Everything related to the Hybrid drive has an eight year warranty anyway.
[QUOTE]and the awful awful fugly styling.
The *new* Prius isn't *that bad*. I'd be the first to admit that the 1999-2003s left a lot to be desired. (Looking essentially like stretched ECHOs... and the ECHO is probably in the top ten ugly-yet-boring cars on the road.) The new one looks very little like an Echo... so far as I'm concerned it looks about as good as the Mercedes C230 Coupe, which has the same high-butt-teeny-wheel-well-in-a-huge-expanse-of-metal look. I'm not saying that's a good look, but it's becoming sickeningly common on small-to-midsize coupes and utility vehicles. (So you might as well deal with it.)
Frankly, I give cars credit for looking different, even if they are ugly. My car is ugly, but it's quirky, 1970's European ugly. It's better then driving around in a completely soulless 3-box sedan, which is what the bulk of the market out there still is. (Cross your eyes and try to tell the difference between a 1984 Ford Tempo and a 2004 Civic sedan. Good luck.)
What kind of car do you drive anyway? I'm just curious.
I still can't stand that tiny wheelwell in an huge expanse of sheetmetal look. I am pretty pleased to hear that they have an 8 year warranty on the hybrid drive. Thats a big ole postive selling point. I can like cars that look different but to me different means like the recent Ford Thunderbird (yeah, it was retro but it was cool looking even if it bombed on the market). I also like the Cadillac XLR, the Infiniti Q45 (i like the gatling gun look headlights).
I have a 1985 VW Cabriolet. Which looks like a high-performance baby carriage. (With yellow fog lamps!) ;^>
I think what I like about it is its utterly schizophrenic mix of modernesque and retro design features. It has the angular slab-sided profile of an early 80's car, which was actually ahead of its time when the Golf Mk 1 was designed in the mid-70s, combined with idiosyncrasies like round headlights and those little push-out ventilator windows in the doors. (A feature that pretty much died in the early-70s) Overall, it's very "Eurofunctional", which to me is amusing on a convertible. (Convertibles usually being either roadsters or luxury cars.) It's not sexy by any stretch of the imagination, but park it next to a modern sedan and at least it looks... different. :^b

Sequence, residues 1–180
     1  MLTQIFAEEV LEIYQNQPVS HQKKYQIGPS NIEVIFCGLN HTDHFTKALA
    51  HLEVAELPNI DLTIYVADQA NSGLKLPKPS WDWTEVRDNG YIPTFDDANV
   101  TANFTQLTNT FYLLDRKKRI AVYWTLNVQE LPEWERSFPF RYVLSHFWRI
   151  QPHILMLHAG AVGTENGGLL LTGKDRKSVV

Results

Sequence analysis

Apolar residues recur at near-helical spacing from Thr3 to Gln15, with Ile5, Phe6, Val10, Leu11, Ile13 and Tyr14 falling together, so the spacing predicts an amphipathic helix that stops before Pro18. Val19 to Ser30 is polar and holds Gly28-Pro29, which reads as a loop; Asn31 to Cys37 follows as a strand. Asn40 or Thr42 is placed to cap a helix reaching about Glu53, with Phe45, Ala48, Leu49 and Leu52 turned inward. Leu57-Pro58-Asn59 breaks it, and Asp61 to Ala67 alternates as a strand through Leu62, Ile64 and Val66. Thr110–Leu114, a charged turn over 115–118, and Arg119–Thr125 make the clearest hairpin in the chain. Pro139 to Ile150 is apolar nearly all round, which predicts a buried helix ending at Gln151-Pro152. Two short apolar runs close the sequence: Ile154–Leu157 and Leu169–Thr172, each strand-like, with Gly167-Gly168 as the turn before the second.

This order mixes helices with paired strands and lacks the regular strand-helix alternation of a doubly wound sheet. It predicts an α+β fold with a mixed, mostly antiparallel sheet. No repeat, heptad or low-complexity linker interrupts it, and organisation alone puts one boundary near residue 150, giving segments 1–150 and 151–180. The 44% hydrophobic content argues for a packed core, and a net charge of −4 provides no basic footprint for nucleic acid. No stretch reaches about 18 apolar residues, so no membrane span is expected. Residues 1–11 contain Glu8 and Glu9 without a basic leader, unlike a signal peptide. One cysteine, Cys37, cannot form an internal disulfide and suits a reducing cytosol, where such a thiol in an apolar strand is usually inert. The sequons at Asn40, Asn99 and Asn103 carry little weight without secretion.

Anyway. It's really sort of dirty pool to compare the styling of $40,000 - $60,000 luxury cars to that of a $20,000 economy car. For the price the Prius doesn't look that bad. As I said, it's a lot more interesting then most of the sedans in its price range, and it's no uglier then some of the other "niche" vehicles on the road out there. (It'd win a beauty contest against a Honda Element, Pontiac Aztek, or just about anything Saturn makes any day of the week.)
Also, just as an aside, personally I think the XLR is plug ugly. It's a squarer Mercedes SLK (which *is* a good loooking car), with that weird sharp crease down the middle (bumper to bumper, over the hood) that Cadillac insists on putting on all their cars these days. I seriously don't know what the heck is wrong with their designers. Guys, that looks terrible! Cut it out!
The Infinity Q45 doesn't do anything for me either, honestly. It looks like, well, a car. I *would* agree on the Ford Thunderbird looking sweet, although the fact that it looks so much like the 1955 version sort of means it's cheating. ;^>
Anyway, I suppose aesthetics are a rather personal thing. I just don't think it's fair to label a particular car "too ugly to own". In my mind, there are far fewer of those then there are cars "too freaking boring to own" out there.